Film director Ken Russell was born in Southampton in 1927. His family owned a footwear business, with shops in St Mary Street, Shirley Road and Eastleigh, but he chose not to follow his father into the family business. He was educated at Taunton’s School and then at Pangbourne Naval College in Berkshire. He served in both the merchant navy and the RAF, during which time he produced wartime shows and concerts. Later he spent short stints as an actor, a dancer and a photographer, after which he turned his attention to film. His short films Peepshow (1956) and Amelia and the Angel (1957) won him a reputation and admission to the BBC, where he made several documentaries. His Elgar brought him national attention and gave him the chance to direct his first feature film, French Dressing (1963), a seaside farce starring James Booth and Roy Kinnear. Many of his subsequent films, including The Devils and Lisztomania, were considered by some to be vulgar and tasteless, but his adaption of D. H. Lawrence’s Women in Love (1969) and The Boyfriend (1971) were both well received. His rock musical Tommy (1974) was well suited to his extravagant style and was also acclaimed. He died in 2011.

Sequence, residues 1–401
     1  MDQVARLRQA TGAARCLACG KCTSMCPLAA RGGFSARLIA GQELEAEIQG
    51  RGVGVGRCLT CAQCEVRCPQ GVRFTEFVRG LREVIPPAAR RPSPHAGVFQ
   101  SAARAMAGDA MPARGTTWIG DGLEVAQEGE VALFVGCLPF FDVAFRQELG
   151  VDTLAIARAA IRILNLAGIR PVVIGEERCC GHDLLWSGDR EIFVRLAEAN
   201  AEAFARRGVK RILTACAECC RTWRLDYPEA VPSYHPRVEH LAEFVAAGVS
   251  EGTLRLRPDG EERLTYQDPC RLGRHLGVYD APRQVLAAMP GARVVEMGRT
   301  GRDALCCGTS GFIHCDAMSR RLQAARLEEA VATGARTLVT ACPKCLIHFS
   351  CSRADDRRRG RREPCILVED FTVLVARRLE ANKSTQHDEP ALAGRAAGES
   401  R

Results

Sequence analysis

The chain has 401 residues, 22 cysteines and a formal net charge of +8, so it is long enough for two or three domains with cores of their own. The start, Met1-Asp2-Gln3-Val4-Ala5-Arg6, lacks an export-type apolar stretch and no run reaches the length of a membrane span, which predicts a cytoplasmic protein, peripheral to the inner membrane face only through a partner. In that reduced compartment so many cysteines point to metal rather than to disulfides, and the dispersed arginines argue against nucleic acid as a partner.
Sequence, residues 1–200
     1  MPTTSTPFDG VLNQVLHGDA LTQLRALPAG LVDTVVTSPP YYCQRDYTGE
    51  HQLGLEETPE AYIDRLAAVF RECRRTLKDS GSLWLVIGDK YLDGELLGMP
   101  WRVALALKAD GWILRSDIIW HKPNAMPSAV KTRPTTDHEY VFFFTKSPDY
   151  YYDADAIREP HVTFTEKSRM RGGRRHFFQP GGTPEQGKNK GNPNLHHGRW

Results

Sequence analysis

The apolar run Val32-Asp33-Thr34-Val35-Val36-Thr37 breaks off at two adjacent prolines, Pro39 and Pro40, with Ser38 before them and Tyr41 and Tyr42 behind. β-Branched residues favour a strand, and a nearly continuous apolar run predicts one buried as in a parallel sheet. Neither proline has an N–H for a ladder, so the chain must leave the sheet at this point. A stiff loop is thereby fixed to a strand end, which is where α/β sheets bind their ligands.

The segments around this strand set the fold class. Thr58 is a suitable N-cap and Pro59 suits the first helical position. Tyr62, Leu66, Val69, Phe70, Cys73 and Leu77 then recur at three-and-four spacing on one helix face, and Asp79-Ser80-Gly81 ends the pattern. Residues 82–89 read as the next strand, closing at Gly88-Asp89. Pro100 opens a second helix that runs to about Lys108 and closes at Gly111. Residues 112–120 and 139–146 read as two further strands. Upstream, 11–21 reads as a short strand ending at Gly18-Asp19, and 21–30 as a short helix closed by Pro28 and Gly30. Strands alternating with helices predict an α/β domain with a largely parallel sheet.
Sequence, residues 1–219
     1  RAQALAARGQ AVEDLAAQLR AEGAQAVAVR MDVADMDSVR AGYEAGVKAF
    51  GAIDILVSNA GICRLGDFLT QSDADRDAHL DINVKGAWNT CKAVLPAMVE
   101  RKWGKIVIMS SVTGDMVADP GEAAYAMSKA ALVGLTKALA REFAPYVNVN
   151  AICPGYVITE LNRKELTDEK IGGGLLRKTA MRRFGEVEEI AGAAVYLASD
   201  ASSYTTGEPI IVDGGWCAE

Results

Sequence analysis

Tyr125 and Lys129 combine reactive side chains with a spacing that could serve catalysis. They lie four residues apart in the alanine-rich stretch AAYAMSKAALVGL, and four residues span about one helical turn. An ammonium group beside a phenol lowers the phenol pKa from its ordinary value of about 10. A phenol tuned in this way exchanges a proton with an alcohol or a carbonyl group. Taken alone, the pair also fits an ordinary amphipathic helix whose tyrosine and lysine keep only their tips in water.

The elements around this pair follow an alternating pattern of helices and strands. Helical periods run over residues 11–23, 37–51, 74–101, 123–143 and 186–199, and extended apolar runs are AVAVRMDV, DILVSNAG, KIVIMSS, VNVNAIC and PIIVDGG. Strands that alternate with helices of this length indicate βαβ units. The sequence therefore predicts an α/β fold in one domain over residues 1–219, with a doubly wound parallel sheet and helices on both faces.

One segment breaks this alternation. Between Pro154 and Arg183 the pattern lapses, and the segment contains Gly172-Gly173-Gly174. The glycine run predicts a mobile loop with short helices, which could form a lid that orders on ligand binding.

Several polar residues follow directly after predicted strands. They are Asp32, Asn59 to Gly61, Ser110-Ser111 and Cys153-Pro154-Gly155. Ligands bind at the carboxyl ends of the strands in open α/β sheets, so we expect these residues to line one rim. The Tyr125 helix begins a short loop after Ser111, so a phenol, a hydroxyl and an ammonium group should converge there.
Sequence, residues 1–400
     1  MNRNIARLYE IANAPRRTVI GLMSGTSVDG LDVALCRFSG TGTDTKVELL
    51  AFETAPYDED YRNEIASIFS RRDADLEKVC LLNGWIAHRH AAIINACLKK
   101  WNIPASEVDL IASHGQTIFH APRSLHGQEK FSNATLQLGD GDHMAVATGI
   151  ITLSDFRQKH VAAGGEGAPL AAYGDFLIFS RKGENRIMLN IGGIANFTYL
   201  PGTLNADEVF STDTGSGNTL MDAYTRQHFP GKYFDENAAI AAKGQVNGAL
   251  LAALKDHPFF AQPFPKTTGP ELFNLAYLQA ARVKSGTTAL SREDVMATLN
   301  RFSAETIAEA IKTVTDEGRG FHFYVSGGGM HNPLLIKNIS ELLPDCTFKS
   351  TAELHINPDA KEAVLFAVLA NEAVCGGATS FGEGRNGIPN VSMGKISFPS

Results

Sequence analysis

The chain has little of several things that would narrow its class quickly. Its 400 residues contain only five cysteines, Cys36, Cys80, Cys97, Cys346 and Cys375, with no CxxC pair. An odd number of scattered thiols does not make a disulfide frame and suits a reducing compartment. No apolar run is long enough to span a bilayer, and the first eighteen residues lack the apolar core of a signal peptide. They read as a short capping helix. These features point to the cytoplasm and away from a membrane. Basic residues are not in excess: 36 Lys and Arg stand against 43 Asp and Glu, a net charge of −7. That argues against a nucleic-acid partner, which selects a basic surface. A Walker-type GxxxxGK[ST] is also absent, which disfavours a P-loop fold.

Russell, Ken

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Further reading:
Southampton People, by John Edgar Mann, p78-79. (HS/t)


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